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FSB Official Testifies in U.S. Conspiracy Case

EUGENE, Oregon — A former Russian counterterrorism agent testified Tuesday that an Islamic charity that once had its U.S. headquarters in the state of Oregon was financing Islamic fighters battling the Russian army in the breakaway republic of Chechnya.

Under cross-examination, however, Colonel Sergei Ignatchenko acknowledged that the names he had of Al-Haramain Islamic Foundation officials tied to terrorism did not include defendant Pete Seda, also known as Pirouz Sedaghaty. “I never knew about him, I never heard about him,” he said.

Ignatchenko, now head of communications for the Russian Federal Security Service, testified via live video feed from former KGB headquarters in Moscow as a prosecution witness in the U.S. District Court sentencing of Seda.

Ignatchenko testified that his agency had information that Al-Haramain financed a terrorist training camp in Chechnya and was in contact with the leaders of Muslim fighters but did not know the specific source of the funds.

“We didn’t know which country it came from,” he said.

Judge Michael Hogan postponed sentencing, saying he needed a couple of weeks to prepare a written response to legal issues, particularly whether to apply the so-called terrorism enhancement that would give Seda the maximum eight years in prison for his convictions for tax fraud and conspiracy.

A former Ashland, Oregon, peace activist and tree surgeon, Seda is an Iranian-born, naturalized U.S. citizen and a co-founder of the Al-Haramain Islamic Foundation in the United States.

He was convicted last month of tax fraud and conspiracy for helping another official of Al-Haramain smuggle $150,000 to Saudi Arabia in 2000. The tax fraud charge refers to efforts to cover up the trail of the money.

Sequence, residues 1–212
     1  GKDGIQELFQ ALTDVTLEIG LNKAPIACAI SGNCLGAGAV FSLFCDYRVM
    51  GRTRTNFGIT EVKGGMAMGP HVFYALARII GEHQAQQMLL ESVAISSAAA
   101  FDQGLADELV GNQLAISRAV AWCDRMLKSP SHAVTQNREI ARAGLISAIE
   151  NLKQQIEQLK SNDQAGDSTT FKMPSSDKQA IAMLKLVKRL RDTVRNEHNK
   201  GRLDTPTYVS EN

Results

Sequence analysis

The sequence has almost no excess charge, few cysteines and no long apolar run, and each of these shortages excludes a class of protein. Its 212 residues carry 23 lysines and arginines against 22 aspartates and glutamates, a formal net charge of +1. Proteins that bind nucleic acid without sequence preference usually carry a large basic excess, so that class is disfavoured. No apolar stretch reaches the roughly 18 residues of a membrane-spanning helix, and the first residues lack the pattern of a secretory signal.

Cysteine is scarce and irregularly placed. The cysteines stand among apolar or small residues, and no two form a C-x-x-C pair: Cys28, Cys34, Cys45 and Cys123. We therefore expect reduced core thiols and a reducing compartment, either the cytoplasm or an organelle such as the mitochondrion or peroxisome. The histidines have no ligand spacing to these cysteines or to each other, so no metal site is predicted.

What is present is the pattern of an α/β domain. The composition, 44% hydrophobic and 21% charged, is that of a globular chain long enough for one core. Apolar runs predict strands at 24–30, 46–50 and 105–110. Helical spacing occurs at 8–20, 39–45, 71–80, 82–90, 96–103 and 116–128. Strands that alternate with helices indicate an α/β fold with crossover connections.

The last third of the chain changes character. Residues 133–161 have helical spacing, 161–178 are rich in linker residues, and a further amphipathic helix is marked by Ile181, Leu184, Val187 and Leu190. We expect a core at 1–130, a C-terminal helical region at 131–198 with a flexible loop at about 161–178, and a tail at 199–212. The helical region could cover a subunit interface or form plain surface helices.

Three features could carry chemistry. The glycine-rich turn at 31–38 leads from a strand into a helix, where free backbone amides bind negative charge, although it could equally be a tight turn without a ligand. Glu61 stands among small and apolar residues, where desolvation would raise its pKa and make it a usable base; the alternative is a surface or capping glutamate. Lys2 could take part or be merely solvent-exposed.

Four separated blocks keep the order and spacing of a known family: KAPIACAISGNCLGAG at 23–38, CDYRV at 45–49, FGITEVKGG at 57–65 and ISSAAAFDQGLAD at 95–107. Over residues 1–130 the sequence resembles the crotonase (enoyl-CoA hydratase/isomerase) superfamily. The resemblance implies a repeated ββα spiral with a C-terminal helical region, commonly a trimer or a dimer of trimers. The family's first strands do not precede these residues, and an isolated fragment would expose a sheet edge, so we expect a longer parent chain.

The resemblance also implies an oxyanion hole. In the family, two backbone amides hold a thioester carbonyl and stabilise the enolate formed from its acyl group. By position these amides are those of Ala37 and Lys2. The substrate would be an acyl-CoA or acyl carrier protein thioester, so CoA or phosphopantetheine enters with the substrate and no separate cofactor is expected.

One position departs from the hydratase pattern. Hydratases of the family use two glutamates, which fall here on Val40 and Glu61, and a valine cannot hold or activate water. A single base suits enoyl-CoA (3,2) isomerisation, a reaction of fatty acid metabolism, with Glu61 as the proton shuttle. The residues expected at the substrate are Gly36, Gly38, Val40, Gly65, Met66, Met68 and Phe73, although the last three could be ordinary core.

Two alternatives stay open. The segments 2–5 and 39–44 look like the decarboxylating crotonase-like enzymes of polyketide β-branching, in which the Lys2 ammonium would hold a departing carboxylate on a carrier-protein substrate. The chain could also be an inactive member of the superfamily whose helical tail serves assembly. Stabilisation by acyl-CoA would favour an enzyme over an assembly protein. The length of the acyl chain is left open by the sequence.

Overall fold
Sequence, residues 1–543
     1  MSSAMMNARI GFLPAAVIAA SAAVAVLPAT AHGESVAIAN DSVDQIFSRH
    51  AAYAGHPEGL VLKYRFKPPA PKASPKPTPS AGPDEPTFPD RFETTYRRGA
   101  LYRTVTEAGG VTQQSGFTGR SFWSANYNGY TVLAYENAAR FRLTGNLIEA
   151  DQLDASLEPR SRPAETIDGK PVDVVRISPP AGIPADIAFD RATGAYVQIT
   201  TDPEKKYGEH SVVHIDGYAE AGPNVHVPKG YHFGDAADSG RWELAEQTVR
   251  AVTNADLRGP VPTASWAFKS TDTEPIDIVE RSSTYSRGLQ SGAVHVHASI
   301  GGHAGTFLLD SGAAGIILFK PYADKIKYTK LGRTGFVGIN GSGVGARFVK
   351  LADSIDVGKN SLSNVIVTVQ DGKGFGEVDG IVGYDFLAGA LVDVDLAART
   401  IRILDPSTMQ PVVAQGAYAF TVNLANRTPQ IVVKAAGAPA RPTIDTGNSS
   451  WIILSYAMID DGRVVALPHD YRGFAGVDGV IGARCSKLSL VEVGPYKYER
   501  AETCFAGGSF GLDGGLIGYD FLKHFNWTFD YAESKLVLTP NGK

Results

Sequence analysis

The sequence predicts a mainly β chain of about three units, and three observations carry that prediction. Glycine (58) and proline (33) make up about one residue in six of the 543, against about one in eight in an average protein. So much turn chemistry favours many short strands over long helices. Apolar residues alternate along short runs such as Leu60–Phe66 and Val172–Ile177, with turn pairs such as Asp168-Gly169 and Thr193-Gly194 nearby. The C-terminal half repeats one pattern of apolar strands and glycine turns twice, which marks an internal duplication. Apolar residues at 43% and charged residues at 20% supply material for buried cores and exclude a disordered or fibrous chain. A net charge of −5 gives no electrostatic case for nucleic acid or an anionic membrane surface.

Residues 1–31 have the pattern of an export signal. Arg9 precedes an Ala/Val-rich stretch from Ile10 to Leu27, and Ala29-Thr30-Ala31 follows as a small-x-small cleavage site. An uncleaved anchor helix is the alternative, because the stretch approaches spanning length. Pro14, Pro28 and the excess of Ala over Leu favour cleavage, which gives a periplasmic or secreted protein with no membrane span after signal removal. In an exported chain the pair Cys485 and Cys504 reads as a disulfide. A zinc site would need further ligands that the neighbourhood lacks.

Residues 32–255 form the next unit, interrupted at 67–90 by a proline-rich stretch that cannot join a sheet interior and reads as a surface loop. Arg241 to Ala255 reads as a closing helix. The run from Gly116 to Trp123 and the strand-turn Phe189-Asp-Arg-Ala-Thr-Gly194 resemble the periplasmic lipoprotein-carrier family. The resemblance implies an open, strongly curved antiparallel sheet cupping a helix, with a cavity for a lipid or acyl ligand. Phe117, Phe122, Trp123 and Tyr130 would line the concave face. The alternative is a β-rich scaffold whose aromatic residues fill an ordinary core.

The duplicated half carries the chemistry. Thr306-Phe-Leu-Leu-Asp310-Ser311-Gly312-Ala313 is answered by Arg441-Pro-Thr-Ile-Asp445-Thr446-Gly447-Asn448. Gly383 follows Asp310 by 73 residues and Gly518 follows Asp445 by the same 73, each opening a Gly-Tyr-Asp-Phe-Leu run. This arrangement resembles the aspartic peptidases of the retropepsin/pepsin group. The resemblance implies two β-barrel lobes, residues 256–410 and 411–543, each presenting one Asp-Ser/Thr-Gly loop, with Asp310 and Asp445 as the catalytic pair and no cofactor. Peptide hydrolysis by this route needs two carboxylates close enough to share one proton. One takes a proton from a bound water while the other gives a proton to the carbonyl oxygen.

Though Seda has never been charged with terrorism, prosecutors are seeking the maximum sentence of eight years in prison by offering evidence that Seda intended the money to support guerrillas fighting against a country with which the United States was at peace.

Defense lawyers contend that he should be freed on probation, having already served enough time in jail awaiting trial and since his conviction.

Ignatchenko testified that while he ran counterterrorism activities in Chechnya between 1997 and 2000, his agency found evidence tying Al-Haramain to Islamic fighters in Chechnya. It included pay vouchers taken from the computers of mujahedin leaders, and a recording of a telephone conversation in which an unidentified Chechen told the head of Al-Haramain about an impending attack on Russian forces.

Ignatchenko said the tape had been destroyed as part of a Russian policy of destroying recordings after five years.

In an appeal to the judge, Seda said he has worked all his life to promote peace, understanding and mercy.

“I rejected terrorism all my life and it is not compatible to my belief,” Seda said. “Islam is a religion of justice, peace and forgiveness. Terrorism is and always has been rejected by me and my faith.”

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